Failure to Drop Privileges When Reasonable
Failing to drop privileges when it is reasonable to do so results in a lengthened time of exposure. Running at higher privileges than necessary will allow successful attacks to result in higher damage potential.
- Language: C, C++, Java, .NET or any language which can make system calls or has its own privilege system.
- Operating platforms: UNIX, Windows NT, Windows 2000, Windows XP, or any platform which has access control or authentication.
The following code sets the running process to higher privileges but the command to reduce priveleges is commented out:
setuid(0); //Do some important stuff //setuid(old_uid); //Do some non privlidged stuff.
- Access control: An attacker may be able to access resources with the elevated privilege that he should not have been able to access. This is particularly likely in conjunction with another flaw such as a buffer overflow.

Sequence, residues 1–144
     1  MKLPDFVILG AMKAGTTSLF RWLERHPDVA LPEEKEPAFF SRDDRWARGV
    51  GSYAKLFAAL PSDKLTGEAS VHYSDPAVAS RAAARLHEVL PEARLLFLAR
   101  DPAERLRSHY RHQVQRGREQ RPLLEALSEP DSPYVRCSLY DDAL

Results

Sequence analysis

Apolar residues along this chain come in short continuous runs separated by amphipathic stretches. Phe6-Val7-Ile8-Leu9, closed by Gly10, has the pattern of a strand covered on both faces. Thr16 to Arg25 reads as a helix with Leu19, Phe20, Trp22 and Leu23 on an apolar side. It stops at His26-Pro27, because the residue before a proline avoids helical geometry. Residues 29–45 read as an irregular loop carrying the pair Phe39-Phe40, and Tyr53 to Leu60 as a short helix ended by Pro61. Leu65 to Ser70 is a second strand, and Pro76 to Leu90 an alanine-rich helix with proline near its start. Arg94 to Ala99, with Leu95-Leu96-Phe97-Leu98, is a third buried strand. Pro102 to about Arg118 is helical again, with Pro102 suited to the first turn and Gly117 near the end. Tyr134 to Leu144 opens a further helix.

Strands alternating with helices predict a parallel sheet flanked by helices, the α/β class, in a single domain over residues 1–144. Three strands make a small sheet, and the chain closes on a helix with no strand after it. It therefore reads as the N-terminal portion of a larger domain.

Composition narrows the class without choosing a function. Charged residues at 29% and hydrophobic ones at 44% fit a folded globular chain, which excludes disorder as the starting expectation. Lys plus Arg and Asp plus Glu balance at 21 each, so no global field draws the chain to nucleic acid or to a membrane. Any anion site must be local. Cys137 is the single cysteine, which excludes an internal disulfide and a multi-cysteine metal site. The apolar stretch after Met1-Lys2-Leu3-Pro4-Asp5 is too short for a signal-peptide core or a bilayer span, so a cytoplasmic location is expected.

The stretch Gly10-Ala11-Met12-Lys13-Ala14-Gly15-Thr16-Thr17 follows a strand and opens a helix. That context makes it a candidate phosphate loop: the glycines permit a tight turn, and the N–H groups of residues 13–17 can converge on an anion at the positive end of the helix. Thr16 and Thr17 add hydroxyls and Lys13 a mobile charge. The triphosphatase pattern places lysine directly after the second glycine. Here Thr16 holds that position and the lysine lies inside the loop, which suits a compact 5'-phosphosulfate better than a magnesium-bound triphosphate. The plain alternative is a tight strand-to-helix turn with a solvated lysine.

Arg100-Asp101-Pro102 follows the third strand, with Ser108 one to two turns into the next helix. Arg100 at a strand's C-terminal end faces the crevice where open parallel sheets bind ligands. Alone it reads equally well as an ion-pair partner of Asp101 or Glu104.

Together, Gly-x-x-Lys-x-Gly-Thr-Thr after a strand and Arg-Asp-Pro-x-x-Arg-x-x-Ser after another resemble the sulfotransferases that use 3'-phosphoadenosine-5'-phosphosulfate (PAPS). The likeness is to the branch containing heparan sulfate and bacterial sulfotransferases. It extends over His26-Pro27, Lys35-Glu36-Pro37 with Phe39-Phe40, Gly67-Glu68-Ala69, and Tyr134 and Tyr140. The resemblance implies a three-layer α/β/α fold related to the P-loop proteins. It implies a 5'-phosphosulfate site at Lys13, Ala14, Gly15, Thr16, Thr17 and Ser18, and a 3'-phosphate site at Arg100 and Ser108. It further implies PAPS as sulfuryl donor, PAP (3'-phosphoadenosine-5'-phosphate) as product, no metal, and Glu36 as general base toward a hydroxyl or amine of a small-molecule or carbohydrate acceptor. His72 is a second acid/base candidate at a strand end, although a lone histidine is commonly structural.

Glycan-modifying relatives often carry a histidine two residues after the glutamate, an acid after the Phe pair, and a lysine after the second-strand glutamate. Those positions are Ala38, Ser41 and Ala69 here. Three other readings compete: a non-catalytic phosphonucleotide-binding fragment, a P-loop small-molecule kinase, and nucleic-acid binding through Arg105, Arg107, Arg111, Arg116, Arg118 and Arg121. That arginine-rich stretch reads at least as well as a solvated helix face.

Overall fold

- Failure to drop privileges once they are no longer needed.
- Design: Ensure that appropriate compartmentalization is built into the system design and that the compartmentalization serves to allow for and further reinforce privilege separation functionality. Architects and designers should rely on the principle of least privilege to decide when it is appropriate to use and to drop system privileges.
- Implementation: Ensure that code that raises priveleges has a matching call to drop privileges once the higher privileges are no longer necessary.